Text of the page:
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The Practice of the Presence of God In Modern English by Marshall Davis
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it was amazing
bookshelves: w-joan

This is a book I had attempted to read a long time ago but never finished. That’s a shame. It is a life-changing book!

The theme is simple, fully encapsulated in the title. The message is consistent with that theme. From a literature standpoint, perhaps it is even monotonous. But from an inspiration standpoint, the book stays faithful to one simple message throughout — we can and should cultivate a continual practice of being in God’s presence. Simple, but not easy.

The book is accredited to Brother Lawrence, a French monk from the 1600’s. It is a compilation of conversations with him, of letters written by him, and of spiritual maxims from him. The version I read on kindle is a modern English translation — which I highly recommend. By the way, he is from the same order as Mother Theresa.

One of the most amazing aspects of this man’s life is the contrast of his influence and renown with his lack of credentials and apparent giftings. He was uneducated (but literate), untrained for ministry, and spent decades serving as a kitchen helper (and later a cobbler). His life was consumed by a practical and earnest pursuit of God, and it seems God allowed that life to influence others as a result.

Brother Lawrence emphasizes practicing God’s presence at all times, including while we are working. In fact, he so believed that the presence of God is for all times of every day, that he seemed to find prayer times and other devotional type activities as interruptions to practicing God’s presence. He put up with those because it was required, but he seemed to be pleased when they were finished so he could go back to normal activity and practicing God’s presence.

One other observation is his simple faith. He was quick to confess something to God. And then he gave the matter no further thought, trusting that God heard and forgave.

While reading I found myself wondering if his message is all fine and dandy for him, being a monk and living a simple, quiet monastery life. But what about for those of us who live "in the real world". So many distractions, business, pressures, responsibilities. But somehow I believe the message is the same for all -- no matter their circumstances. Below are some quotes from the book, and I believe that they should apply to my non-monastic life just as much as they did to Brother Lawrence's life.

“We should establish ourselves in a sense of God’s presence by continually communing with Him."
“…after praying, he gave it no further thought."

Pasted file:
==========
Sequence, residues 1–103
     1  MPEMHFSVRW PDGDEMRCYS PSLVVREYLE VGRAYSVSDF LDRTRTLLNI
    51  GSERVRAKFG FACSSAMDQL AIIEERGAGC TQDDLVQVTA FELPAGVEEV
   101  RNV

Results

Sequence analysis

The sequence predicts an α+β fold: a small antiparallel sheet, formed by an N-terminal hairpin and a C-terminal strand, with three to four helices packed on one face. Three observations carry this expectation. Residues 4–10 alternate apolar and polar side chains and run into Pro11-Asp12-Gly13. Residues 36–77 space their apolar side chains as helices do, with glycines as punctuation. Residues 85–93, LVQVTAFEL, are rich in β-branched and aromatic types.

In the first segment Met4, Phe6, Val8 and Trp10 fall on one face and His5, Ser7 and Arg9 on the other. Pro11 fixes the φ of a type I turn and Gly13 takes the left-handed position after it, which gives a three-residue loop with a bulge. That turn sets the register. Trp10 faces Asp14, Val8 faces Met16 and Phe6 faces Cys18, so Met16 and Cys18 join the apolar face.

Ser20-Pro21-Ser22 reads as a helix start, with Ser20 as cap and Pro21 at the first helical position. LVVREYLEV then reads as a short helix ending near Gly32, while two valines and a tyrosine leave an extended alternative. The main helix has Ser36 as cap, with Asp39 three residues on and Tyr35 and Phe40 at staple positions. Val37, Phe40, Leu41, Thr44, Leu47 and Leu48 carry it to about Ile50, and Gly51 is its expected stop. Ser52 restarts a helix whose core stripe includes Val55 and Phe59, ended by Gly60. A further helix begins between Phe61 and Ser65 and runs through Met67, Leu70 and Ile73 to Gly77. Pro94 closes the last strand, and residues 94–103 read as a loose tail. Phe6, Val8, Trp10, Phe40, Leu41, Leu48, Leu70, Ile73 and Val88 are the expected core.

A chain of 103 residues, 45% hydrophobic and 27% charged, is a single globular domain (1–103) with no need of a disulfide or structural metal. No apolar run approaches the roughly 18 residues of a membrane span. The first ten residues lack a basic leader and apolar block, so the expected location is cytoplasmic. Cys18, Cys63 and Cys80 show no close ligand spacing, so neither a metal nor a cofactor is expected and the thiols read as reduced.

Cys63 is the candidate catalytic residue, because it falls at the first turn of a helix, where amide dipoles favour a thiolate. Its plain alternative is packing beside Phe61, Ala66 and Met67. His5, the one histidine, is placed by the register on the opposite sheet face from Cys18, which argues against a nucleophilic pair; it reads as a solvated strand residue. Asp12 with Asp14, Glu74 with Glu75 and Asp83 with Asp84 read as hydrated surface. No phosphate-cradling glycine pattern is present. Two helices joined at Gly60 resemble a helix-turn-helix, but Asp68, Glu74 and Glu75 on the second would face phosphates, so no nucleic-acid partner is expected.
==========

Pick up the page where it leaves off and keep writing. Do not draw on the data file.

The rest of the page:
“He resolved to make the love of God the goal of all his actions."
“In order to form a habit of communing with God continually and committing everything we do to Him, we must first make a special effort. After a while we find that His love inwardly inspires us to do all things for Him effortlessly."
“…we ought to relate to God in the greatest simplicity, speaking to Him frankly and plainly, and impairing His assistance in our affairs as they happen."
“He always enjoyed himself no matter what he was doing because he did everything, even he smallest things, for the love of God."
“He worried about nothing and feared nothing. His only desire is not to offend God."
“When outward busyness diverted him a little from the awareness of God, a fresh remembrance would come from God and consume his soul."
“He said he was more united to God in his outward work, than when he left it for devotion in seclusion."
“Sanctification does no depend upon changing what we do, but in doing for God’s sake what we normally do for our own sake."
“All things are possible to him who believes. They are less difficult to him who hopes. They are easier to him who loves. And they are easiest to him who perseveres in the practice of all three virtues."
“O my God, You are with me, and I must now, in obedience to Your commands, apply my mind to these outward things. I beseech You to grant me the grace to continue in Your presence. This this end I ask that you grant me Your assistance, receive all my works, and possess all my emotions."
“We are to be pitied because we are content with so little. He says that God has infinite treasure to bestow, and yet we are satisfied with a little feeling of religious devotion which passes in a moment. We are blind, and we hinder God and stop the current of His grace….yes we often stop the flood because of the little value we place upon it."
“When God finds a should penetrated with a living faith, He pours into it His grace and blessings plentifully. They flow like a torrent, finding a way around every obstacle spreading out with extravagant and reckless abundance."
“I cannot imagine how religious persons can be satisfied without the practice of the presence of God."
“We can make our heart a chapel where we can withdraw from time to time, and commune with Him in meekness, humility and love."
“When we are with Him, even sufferings will be sweet and pleasant to us. Without Him even the greatest pleasure will seem like cruel punishments."
“I advise you not to use a lot of words in prayer."
“Let us remember that our only purpose in life is to please God."
“When our minds are focused on God, suffering will be filled with peace and solace."
“May all our energy be devoted to knowing God. The more one knows Him, the more one desires to know Him."
“We are to practice honoring God and His glory in everything we do and say. This is our goal: to offer to God a sacrifice of perfect worship in this life and throughout eternity."
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Reading Progress

November 9, 2015 – Started Reading
November 9, 2015 – Shelved
November 24, 2015 –
December 4, 2015 – Finished Reading
October 11, 2016 – Shelved as: w-joan

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